Is Wot? David Rudder releases tribute to Brother Resistance

File photo/Gary Cardinez
File photo/Gary Cardinez

IS what? Legendary calypsonian David Rudder has released a new song called Is Wot, which is a tribute to another legend – the late rapso pioneer Lutalo “Brother Resistance” Masimba.

The energetic, brass-filled track was released on October 28 and was produced by Gideon Bishop, and arranged by Bishop and Kyle Peters.

Its description on YouTube says it is a "thank you note from one iconic artiste to another.

"In honour of the late Trinbago Unified Calypsonians Organisation's (TUCO) ongoing Calypso History Month of October themed De Bell Reigns, it is dedicated to the memory of the late Network Rapso Riddim Band and lead singer."

In many of the band's songs, someone would chant "Is what?" For instance, at the beginning of Masimba's song Bring Yuh Love, he says, "Is what? Rapso time." And in the intro of Karega Mandela's Free Up Africa, the phrase is also said.

The lyrics to Rudder's song include lines like, "The first thing they blessed me with was a gift of persistence before I walk the hard, hard road – the road of resistance," and "All I had was a voice and a little bell."

He also sings, "Chantuelle, put on your dancing shoes," which is a reference to Masimba's song Dancin' Shoes.

The chorus of Rudder's song is the rapso pioneer's iconic refrain: "Ring the bell, ring it all over."

Bishop told Newsday the lively tune's journey began about a year ago, when he was actually winding down.

Veteran calypsonian David Rudder (left) and producer/arranger of Is Wot, Gideon Bishop. Photo courtesy Bishop.

"Late one night, just seconds before falling asleep, I got this melody and I recorded it on my cellphone.

"When I got up the next day, I went straight to the studio, put down all the instrumentations, then, if I had piano, I sent it out to someone who plays keys professionally, same thing with guitars, drums, etc."

The track also features Allstars Brass band.

"When all that was completed, I sent it to Mr Rudder and he said, "Ah love it!'"

It was not originally meant to be a tribute to Masimba, though everyone involved in the song's creation is glad it turned out that way.

It was simply meant to be "feel-good music," Bishop recalled. "We were in a time where there was a lot of negativity and thing going around and we were just looking back at some of the legendary calypso and songs we so love.

"You know how, before the words actually start for, let's say, (Black Stalin's) Black Man Feeling To the time you hear the first bars you already starting to dance. It was something like where the music had that feeling and we wanted to create that vibe where when the words reach, people would already be dancing."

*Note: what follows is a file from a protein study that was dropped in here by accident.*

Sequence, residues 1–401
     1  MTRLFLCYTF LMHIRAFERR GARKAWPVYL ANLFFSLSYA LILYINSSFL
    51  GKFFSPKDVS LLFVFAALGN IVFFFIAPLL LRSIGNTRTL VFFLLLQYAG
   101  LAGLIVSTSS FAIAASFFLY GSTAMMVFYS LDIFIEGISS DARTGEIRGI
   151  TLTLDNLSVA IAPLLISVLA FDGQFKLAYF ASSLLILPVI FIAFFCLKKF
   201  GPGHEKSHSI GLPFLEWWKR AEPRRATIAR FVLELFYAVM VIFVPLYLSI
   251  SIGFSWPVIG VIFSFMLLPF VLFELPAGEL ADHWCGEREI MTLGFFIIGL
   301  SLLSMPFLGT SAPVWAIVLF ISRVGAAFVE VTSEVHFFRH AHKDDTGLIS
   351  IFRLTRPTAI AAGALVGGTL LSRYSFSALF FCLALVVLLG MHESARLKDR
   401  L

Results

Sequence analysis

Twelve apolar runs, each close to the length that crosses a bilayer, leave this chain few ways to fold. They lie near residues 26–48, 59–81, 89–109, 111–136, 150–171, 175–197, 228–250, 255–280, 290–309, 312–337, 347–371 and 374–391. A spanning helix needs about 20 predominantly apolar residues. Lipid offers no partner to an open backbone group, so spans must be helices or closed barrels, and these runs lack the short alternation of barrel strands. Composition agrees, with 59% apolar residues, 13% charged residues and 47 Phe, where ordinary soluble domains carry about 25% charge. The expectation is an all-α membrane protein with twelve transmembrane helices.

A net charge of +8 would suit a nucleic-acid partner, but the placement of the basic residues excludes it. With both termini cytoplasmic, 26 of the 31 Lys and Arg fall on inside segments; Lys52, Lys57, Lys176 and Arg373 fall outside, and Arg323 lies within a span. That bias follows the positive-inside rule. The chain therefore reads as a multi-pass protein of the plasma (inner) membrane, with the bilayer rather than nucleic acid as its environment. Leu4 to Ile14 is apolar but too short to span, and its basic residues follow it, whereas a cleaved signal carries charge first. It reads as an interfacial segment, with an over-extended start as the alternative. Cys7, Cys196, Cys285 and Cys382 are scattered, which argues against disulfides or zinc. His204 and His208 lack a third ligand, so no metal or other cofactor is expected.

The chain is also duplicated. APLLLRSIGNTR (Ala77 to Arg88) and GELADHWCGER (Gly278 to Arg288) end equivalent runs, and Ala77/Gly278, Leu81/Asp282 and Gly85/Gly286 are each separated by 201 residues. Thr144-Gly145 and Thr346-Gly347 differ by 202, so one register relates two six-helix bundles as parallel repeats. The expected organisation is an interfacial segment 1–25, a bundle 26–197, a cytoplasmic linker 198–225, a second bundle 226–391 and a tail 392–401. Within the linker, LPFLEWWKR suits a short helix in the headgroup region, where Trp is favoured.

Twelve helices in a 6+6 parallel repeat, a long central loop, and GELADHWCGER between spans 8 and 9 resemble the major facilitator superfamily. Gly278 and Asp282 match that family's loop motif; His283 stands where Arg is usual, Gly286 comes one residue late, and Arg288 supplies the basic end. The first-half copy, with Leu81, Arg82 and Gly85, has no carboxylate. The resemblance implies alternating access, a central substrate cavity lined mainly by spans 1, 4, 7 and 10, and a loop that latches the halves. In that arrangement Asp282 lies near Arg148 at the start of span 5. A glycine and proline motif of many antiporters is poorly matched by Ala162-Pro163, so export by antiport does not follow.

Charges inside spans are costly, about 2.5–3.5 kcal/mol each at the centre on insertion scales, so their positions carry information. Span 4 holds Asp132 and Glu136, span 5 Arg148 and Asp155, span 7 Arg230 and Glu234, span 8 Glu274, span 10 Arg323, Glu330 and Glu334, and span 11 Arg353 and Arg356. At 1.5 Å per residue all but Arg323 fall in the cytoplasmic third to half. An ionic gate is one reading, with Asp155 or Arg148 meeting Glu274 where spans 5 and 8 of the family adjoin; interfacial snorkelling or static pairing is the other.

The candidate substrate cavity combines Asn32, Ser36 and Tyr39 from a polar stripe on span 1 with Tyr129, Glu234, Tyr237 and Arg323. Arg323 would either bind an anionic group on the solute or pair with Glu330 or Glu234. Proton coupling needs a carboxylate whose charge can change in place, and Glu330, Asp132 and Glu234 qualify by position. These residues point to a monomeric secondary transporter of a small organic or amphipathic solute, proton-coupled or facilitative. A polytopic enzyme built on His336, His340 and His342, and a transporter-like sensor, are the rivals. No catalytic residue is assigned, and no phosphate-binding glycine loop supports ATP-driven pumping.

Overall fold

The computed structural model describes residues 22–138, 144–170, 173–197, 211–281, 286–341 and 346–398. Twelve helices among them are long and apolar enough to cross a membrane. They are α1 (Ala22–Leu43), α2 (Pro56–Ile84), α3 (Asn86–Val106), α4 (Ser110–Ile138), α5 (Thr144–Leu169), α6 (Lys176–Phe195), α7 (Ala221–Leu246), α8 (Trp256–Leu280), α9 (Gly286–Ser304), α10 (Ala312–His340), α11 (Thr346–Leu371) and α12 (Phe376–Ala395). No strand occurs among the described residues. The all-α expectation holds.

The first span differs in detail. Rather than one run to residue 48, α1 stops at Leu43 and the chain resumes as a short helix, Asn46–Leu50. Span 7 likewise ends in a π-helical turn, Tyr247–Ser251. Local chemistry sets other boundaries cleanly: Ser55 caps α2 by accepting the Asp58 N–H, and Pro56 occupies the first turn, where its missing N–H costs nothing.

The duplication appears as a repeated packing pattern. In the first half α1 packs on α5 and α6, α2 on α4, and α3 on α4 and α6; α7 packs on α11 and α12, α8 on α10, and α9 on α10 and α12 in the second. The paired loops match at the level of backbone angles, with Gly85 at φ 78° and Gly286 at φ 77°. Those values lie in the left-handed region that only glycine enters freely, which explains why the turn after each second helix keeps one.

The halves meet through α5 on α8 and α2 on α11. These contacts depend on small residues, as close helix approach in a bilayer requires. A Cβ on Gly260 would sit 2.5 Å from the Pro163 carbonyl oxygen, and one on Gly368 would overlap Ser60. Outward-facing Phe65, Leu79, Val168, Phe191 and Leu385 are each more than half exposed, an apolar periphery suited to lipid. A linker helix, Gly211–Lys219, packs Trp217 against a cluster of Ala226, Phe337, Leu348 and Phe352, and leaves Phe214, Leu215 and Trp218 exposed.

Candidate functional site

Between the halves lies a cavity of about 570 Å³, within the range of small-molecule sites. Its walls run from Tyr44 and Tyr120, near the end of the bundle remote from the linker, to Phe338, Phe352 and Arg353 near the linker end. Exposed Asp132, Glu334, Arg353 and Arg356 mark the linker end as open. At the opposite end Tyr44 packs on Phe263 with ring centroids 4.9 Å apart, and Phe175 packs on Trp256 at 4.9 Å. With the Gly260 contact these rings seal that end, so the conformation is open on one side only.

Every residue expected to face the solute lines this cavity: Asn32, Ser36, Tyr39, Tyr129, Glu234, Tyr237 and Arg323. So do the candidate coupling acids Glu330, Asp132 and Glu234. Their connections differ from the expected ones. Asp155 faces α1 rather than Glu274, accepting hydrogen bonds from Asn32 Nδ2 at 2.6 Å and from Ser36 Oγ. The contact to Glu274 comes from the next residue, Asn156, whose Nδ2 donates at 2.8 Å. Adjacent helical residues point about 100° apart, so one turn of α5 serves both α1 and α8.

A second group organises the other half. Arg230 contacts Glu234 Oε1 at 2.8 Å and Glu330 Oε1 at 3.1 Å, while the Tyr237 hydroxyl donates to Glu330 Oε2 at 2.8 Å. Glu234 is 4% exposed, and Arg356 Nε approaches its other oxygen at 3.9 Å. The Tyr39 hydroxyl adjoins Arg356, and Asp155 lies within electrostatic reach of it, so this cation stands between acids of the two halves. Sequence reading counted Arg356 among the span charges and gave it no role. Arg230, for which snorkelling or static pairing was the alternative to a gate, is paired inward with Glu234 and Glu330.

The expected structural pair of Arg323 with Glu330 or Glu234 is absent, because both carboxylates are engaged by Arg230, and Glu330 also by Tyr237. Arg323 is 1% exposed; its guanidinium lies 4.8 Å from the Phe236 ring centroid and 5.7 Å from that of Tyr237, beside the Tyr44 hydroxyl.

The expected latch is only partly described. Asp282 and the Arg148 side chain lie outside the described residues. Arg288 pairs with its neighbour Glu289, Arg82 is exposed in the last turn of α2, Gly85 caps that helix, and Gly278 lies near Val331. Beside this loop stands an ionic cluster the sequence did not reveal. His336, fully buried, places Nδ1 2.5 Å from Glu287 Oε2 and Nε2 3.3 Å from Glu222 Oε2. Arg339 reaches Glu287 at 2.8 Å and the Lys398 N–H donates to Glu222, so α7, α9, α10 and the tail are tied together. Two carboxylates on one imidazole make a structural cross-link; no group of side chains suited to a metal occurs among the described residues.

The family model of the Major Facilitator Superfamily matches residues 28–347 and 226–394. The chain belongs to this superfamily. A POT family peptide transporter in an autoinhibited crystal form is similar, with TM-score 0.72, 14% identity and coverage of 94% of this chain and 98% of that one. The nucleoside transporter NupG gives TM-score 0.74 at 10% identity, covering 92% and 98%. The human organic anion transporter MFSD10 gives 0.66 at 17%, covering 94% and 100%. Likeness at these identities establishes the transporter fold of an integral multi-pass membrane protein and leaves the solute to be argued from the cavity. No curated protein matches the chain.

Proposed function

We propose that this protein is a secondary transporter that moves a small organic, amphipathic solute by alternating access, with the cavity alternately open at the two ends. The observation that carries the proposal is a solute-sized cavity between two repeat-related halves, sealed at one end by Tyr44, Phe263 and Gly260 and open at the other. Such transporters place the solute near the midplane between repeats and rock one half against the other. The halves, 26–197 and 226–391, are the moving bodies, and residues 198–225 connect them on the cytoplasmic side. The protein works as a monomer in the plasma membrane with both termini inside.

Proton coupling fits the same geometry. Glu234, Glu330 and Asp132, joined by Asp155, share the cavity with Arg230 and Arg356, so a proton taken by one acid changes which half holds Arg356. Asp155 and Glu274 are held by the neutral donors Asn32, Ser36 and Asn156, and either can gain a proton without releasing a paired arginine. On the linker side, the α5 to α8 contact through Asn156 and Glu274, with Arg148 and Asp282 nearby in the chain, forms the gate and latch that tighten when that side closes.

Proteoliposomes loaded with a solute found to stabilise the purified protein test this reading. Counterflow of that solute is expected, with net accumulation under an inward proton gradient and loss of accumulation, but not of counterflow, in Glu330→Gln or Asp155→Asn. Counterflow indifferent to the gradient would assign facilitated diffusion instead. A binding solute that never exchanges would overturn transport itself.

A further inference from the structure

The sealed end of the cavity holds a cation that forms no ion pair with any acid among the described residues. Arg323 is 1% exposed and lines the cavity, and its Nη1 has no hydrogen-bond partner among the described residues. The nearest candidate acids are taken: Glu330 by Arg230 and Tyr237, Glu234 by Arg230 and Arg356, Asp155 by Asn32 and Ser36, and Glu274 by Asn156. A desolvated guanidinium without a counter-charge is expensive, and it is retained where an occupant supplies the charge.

Peters said Bishop sent him a "skeleton of the bass line" which had some piano chords and he immediately began vibing to it.

"The energy from it was like a refreshing old-time song, if that makes sense. There's strong calypso, strong kaiso, but the newness of it was the tones used and the energy behind it."

Guitarist Kyle Peters. Photo courtesy Peters.

In addition to co-arranging the song, Peters also played guitar.

He said, "It was really interesting, so it made it easy for me to put down the guitars, and then we started discussing the arrangement of it. When we considered Rudder, who is a legend in his own rights, all the energy sort of aligned from then."

He said all of them have worked together before, so they all "understood each other's vibe and energy."

He added, "I like that lavway, folk vibe so I was really ecstatic."

Rudder told Newsday to him, the music always sounded like it was made for a theatre performance.

"I said, 'Look, I'm hearing more like a theatrical thing to this song.' But sometimes you have a feeling for a song and then something (else) hits you and you go, 'Oh! That's the song!' And when Brother Resistance passed away, I said, 'But wait, that's the story right there. Brother Resistance's journey.'

"'Cause I could write anything, it's very easy to put lyrics to music...but to write something that you're feeling like this is the reason the song was created. It takes you to a different dimension."

Masimba died on July 13. He was 67.

Rudder said the words came to him in no time.

"So the song took a year and five minutes," he said, laughing.

He said Masimba was "a man of the people" who understood the struggles of people "all over the society.

"The heart and soul of Trinidad and Tobago – he represented that.

"(Rapso) started with Lancelot Layne putting rap feelings to music, then Resistance came and took the baton."

Portrait of Brother Resistance done backstage at the Kaiso House calypso tent in 2020. Photo by Mark Lyndersay

Rudder said he tried to "create a journey through the jam," when writing the song.

"(Masimba) did a lot of work over the years. He had a heaven and hell of a journey here. So it was kind of (like), 'How do we say thank you for the music you gave us?'"

Peters said Masimba was a pioneer and a legend, adding, "The contribution he brought to the art form and trying to defend it in so many ways...

"It is important for him to be remembered and for his legacy to live on. So I felt really good to be a part of something like that."


"Is Wot? David Rudder releases tribute to Brother Resistance"

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